Housing co-op plan gets thumbs up from US investors

Initiative to buy €5 billion of distressed mortgages advanced in US

Brian Reilly: “We are wholly confident that this initiative can be achieved, and on an ethical basis, especially following last week’s successful meetings in New York.”

Brian Reilly: “We are wholly confident that this initiative can be achieved, and on an ethical basis, especially following last week’s successful meetings in New York.”

 

Plans to establish a benevolent vulture fund in Ireland, which would buy up €5 billion of distressed mortgages and let the properties back to the occupiers in a bid to keep families in their homes, have taken a significant step forward.

The organisation behind the proposed National Housing Co-operative said it has received assurances around a significant tranche of funding from US investors following a three-day visit to New York last week.

Members of the Right2Homes group met with several prospective investors and funders, including Patrick Doherty, director of corporate governance at the office of the New York state comptroller, which manages the state’s pension fund, the third-largest pension fund in the US with more than $190 billion of managed assets.

The organisation also held a meeting with Limerick-born Michael Dowling, chief executive of US hospital and insurance group Northwell, formerly North Shore-LIJ Health System, which boasts an annual turnover $8.7 billion (€7.3bn).

Mr Dowling and Irish immigration campaigner and New York publisher Niall O’Dowd have pledged to organise a group of potential US funders once the legislation to establish the co-op here is passed.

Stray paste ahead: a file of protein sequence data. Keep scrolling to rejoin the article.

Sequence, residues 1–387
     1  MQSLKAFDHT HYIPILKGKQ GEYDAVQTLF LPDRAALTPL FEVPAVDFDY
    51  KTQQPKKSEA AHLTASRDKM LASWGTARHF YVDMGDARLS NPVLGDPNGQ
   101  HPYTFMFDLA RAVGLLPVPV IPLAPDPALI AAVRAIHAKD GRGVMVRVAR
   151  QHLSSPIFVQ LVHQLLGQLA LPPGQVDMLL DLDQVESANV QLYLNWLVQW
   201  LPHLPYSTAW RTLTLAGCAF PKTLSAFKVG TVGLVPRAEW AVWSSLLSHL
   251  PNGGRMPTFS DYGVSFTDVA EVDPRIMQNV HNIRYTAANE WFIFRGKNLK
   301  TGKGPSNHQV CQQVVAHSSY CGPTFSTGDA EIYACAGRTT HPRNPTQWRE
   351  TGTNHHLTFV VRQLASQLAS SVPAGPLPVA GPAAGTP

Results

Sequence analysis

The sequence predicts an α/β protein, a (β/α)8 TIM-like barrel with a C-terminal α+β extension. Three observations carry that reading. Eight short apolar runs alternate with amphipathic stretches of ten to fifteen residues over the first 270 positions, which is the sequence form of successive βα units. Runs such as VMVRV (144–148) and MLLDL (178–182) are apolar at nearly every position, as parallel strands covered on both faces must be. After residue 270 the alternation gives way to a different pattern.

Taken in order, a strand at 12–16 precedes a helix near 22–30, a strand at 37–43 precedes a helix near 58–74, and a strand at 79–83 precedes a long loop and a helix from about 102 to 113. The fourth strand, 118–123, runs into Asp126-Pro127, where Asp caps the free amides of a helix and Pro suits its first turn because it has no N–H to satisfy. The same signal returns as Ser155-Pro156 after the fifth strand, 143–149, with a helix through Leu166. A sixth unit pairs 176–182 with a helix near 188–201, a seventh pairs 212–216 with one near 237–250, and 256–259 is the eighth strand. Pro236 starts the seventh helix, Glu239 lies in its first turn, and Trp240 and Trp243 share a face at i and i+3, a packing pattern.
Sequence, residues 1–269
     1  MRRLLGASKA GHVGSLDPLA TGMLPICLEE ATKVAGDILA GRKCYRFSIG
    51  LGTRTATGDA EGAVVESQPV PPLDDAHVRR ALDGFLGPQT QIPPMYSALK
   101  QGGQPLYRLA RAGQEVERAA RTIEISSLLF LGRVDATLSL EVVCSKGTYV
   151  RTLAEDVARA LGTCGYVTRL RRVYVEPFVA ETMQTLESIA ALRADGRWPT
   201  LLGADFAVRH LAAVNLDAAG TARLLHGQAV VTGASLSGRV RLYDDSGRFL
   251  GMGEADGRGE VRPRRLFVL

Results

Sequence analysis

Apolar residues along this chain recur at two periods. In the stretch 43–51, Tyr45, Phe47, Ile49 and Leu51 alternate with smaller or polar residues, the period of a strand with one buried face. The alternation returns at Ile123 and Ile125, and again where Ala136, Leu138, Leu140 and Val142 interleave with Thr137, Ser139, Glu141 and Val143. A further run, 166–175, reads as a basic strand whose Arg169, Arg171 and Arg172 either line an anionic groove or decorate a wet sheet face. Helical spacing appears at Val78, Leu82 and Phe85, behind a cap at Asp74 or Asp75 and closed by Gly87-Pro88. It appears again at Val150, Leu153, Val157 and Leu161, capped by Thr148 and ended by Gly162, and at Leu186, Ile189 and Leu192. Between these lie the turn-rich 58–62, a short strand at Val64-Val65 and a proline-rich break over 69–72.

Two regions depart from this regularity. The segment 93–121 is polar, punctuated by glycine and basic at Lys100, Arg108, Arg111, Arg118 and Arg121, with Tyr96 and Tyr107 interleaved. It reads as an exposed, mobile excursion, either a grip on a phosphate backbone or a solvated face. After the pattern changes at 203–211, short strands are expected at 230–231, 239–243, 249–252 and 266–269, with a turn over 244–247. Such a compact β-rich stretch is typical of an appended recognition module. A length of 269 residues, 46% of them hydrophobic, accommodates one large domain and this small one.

A Bill giving the initiative a legal footing, which is supported by Sinn Féin, is currently before the Seanad.

Businessman and Right2Homes spokesman Brian Reilly said without the Bill the co-op would struggle to secure the loans from banks and vulture funds.

He said the plan was to put the homes and the loans in the co-op with the objective of re-engineering the mortgages so people could remain on as tenants, potentially with an option to repurchase further down the line at the price the co-op paid plus interest.

Not-for-profit basis

Only homeowners who cannot pay their mortgage for reasons beyond their control will be eligible for the scheme.

Mr Reilly said the initiative would operate on a not-for-profit basis and would be “off balance sheet”, meaning it would not cost the exchequer anything and could occupy the role currently being filled by vulture funds.

He said the purpose of the US trip was to do three things; gather information about how similar plans were executed in the US; to initiate discussions with potential funders; and to create awareness around the Irish scheme in the US.

“We are wholly confident that this initiative can be achieved, and on an ethical basis, especially following last week’s successful meetings in New York,” he added.

The group also met with Prof Robert Hockett, a former adviser to US presidential hopeful Bernie Sanders, who has championed the establishment of similar initiatives in the US.

Prof Hockett has written to the Oireachtas finance committee in support of the initiative and will appear before the committee in person in October.

The group also recently met with the Irish Strategic Investment Fund (Isif) here, which may consider establishing a special type of bond to fund the initiative.

Separately, the Dublin Chamber of Commerce has called for the establishment of a “housing Tsar” to address the current housing crisis.

The camber wants powers over planning and development, infrastructure investment, and housing delivery in the Dublin region to be centralised to a single body. The recommendation was made in a submission by Dublin Chamber to the Department of Housing as part of the recent review of the Government’s Rebuilding Ireland action plan.